Plans to ban 'chuggers' from Stafford town centre up for debate

By Jordan Reynolds | Stafford | News | Published:

Residents and businesses are to be asked for their views on plans to ban 'chuggers' from parts of Stafford town centre.

Chuggers are a regular sight on town centre streets

The proposals are part of a number of changes regarding ‘Public Spaces Protection Orders’ (PSPOs) which are used to tackle local issues.

The move follows ongoing complaints from shoppers and workers around the town about being ‘harassed’ by groups who are trying to get people to sign up to direct debits for national charities. The groups are often referred to as chuggers.

In future the ‘chuggers’ – and utility company sales people - will have to apply to the council for permission to come in to town and be confined to a designated area only.

Now the borough council is asking residents and businesses for their views on using PSPOs to tackle issues in the county town including ‘chuggers,’ anti-social behaviour, and cyclists riding on the pedestrianised high street.

Stafford Borough Council

Existing PSPOs in place across the borough come to an end shortly – which is why the council is now taking steps to ensure they continue.

PSPOs are aimed at dealing with problems in a specific area that are detrimental to the quality of life for the local community. The orders can ban or restrict certain behaviour and anyone not complying is given a warning - and can be fined for breaching it.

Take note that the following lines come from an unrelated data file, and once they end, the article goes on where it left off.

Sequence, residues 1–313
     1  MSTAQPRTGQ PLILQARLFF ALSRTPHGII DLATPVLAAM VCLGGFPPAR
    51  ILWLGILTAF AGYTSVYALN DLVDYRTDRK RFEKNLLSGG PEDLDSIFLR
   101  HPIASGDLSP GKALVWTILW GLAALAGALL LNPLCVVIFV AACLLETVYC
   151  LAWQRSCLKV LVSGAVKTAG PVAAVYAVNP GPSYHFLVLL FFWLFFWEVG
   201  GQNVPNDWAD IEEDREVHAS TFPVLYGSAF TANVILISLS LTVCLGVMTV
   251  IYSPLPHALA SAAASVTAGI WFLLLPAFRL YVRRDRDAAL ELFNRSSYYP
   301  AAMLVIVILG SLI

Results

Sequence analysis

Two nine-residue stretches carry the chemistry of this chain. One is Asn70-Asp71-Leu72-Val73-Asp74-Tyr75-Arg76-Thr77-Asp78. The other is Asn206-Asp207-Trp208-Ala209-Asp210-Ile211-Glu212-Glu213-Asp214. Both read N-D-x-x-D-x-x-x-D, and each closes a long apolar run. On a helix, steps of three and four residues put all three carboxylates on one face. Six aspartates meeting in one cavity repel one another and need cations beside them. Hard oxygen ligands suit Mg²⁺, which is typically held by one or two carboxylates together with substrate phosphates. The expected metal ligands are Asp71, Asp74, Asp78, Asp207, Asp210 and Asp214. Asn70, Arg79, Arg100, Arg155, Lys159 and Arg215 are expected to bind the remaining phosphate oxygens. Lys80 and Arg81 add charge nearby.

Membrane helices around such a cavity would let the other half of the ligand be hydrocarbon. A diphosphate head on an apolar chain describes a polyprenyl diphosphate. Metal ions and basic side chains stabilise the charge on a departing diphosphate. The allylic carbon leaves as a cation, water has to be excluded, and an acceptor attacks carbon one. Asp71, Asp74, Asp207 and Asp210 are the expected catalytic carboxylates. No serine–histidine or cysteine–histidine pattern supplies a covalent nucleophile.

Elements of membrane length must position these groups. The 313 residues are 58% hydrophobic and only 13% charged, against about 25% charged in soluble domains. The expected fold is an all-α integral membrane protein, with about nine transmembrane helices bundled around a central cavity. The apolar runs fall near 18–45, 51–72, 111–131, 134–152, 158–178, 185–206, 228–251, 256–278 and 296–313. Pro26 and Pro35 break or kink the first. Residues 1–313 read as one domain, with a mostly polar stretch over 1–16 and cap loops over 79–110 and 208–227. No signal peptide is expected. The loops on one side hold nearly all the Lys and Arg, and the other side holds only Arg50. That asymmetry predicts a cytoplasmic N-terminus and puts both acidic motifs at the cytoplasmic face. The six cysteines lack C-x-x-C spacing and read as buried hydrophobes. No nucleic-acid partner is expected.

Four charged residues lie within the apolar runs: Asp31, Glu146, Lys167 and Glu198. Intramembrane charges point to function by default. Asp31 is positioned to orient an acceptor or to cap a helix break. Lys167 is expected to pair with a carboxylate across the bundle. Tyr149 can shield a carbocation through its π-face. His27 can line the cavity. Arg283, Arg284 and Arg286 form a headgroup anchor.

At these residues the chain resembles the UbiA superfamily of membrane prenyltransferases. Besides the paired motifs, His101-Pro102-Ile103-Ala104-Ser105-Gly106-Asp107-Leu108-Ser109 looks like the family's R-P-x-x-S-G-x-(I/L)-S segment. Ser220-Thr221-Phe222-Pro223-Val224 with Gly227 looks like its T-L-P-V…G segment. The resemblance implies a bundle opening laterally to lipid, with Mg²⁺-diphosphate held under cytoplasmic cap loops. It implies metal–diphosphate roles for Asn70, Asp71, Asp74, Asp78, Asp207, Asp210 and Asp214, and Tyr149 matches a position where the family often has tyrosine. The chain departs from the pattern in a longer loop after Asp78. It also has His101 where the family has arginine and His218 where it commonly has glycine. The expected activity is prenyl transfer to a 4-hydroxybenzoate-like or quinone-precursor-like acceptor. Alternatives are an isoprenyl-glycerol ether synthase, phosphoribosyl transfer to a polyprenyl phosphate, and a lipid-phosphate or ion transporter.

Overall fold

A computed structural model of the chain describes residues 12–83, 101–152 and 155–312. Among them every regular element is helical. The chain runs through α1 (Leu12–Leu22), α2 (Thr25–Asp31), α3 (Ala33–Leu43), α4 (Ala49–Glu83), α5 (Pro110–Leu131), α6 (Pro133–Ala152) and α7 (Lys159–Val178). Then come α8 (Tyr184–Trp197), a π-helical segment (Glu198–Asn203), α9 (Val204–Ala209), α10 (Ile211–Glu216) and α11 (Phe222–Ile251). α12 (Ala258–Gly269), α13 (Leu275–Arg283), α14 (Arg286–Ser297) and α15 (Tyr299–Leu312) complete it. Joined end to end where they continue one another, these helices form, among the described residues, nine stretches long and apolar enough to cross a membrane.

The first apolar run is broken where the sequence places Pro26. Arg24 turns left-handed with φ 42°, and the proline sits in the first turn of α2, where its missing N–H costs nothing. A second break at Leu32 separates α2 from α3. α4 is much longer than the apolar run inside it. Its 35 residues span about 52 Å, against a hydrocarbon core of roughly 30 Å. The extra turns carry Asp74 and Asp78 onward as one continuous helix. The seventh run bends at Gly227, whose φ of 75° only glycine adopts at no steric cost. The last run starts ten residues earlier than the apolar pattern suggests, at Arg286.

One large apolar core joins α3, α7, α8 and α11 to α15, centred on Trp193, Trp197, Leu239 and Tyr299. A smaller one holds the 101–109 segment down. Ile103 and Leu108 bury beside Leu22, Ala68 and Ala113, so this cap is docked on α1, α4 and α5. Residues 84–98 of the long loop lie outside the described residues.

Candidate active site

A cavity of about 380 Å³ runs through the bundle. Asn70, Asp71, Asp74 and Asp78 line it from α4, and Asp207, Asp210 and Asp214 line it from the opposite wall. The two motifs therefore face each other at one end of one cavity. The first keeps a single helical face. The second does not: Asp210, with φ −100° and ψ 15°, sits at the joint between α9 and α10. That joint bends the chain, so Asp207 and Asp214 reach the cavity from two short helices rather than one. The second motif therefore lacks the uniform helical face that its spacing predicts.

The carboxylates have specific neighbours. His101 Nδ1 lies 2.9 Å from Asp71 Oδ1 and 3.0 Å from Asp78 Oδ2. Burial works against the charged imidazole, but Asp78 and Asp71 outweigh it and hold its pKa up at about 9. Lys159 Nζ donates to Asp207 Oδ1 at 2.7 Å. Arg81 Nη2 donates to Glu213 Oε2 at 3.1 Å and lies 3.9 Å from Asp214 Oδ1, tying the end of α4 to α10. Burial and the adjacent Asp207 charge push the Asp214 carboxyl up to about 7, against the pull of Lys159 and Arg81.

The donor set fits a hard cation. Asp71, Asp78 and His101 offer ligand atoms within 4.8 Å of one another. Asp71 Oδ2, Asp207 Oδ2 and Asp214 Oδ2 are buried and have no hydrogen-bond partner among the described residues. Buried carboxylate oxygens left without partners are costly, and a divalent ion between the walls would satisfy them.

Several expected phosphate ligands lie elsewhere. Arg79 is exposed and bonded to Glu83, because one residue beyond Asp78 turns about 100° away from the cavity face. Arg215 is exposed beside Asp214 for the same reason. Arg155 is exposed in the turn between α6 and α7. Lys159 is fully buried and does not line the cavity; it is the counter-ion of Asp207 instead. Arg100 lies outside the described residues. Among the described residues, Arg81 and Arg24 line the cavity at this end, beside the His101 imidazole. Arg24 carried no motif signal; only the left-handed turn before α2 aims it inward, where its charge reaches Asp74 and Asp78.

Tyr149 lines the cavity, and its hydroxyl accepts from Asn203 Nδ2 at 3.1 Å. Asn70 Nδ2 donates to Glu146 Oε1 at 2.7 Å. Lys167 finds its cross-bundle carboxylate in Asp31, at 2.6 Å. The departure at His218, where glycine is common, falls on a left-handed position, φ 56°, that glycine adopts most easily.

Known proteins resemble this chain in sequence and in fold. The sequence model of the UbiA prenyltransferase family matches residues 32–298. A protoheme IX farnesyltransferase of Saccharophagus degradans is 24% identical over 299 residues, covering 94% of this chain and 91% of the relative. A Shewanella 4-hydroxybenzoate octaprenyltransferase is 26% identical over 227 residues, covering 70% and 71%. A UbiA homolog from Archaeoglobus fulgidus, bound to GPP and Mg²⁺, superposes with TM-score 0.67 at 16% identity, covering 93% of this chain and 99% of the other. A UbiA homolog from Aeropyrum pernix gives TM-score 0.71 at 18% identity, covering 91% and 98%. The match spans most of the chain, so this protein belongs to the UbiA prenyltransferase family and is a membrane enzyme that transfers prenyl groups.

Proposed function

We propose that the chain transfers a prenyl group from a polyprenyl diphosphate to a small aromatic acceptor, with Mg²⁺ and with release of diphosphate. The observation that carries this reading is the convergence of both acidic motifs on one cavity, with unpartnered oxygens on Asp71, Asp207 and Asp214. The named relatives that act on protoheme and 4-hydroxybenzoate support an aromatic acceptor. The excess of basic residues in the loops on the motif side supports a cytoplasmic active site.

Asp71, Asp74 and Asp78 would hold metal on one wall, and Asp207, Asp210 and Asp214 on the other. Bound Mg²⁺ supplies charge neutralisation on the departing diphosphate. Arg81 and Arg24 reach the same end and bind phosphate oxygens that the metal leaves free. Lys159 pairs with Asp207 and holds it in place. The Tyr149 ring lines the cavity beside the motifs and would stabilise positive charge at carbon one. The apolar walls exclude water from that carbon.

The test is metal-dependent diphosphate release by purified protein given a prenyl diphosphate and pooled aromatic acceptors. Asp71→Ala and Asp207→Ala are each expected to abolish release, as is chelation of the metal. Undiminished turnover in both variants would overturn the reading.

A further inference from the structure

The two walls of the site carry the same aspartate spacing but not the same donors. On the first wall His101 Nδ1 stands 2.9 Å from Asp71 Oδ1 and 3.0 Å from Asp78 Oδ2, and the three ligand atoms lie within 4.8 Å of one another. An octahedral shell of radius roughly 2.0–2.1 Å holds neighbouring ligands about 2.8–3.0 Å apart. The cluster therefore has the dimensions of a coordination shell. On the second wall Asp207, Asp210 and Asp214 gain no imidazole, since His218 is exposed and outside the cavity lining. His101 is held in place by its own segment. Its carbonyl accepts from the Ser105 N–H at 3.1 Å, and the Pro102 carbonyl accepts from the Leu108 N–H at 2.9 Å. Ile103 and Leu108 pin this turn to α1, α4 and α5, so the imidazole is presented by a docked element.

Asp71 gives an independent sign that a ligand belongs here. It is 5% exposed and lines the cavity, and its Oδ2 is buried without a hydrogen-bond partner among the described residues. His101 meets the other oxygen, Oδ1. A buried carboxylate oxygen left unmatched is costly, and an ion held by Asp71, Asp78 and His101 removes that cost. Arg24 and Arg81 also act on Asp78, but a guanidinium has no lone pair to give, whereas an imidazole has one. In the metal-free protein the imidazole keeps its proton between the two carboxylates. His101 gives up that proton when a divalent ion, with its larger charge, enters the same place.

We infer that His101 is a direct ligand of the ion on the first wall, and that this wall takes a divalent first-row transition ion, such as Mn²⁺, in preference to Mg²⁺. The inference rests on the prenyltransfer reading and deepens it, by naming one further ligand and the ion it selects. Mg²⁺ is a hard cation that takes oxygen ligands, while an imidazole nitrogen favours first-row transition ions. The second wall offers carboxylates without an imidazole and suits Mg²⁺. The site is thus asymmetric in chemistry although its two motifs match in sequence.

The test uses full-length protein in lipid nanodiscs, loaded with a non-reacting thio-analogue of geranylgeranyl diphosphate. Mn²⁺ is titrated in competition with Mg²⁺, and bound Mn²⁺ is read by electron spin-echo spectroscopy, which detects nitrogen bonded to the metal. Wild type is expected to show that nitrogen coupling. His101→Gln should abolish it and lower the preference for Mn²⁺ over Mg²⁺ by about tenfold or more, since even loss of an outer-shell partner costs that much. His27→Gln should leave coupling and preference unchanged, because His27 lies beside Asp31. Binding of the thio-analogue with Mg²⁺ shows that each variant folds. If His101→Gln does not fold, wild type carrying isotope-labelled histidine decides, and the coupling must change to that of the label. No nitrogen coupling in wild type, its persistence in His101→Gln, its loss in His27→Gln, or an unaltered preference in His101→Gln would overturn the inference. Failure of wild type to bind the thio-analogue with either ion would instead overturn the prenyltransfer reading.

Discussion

The borough council has worked with the police, town centre partnership and residents associations regarding the proposed new PSPOs.


The proposals also introduce new restrictions – for example excluding dogs from play areas at Charnley Road in Stafford and in the village of Stowe-by-Chartley.

Councillor Jeremy Pert, cabinet member for communities and health, said: “We want to ensure our town centres are welcoming places. Places where people can spend leisure time, shop, relax, or even set up business and we don’t want that ruined by anti social behaviour, alcohol related issues, or other forms of nuisance.

“One of the nuisances complained of by our residents and visitors is that these direct debit collectors are harassing them and retailers have mentioned that customers say they have been put off coming in to town.”

He added: “We have already liaised with the police and other partners about how we address these types of behaviour and now we hope our residents, businesses and organisations will give us their feedback.”

The consultation will run until March 2 and more details can be found at

Jordan Reynolds

By Jordan Reynolds
Reporter - @jreynolds_star

Senior reporter at the Express & Star.


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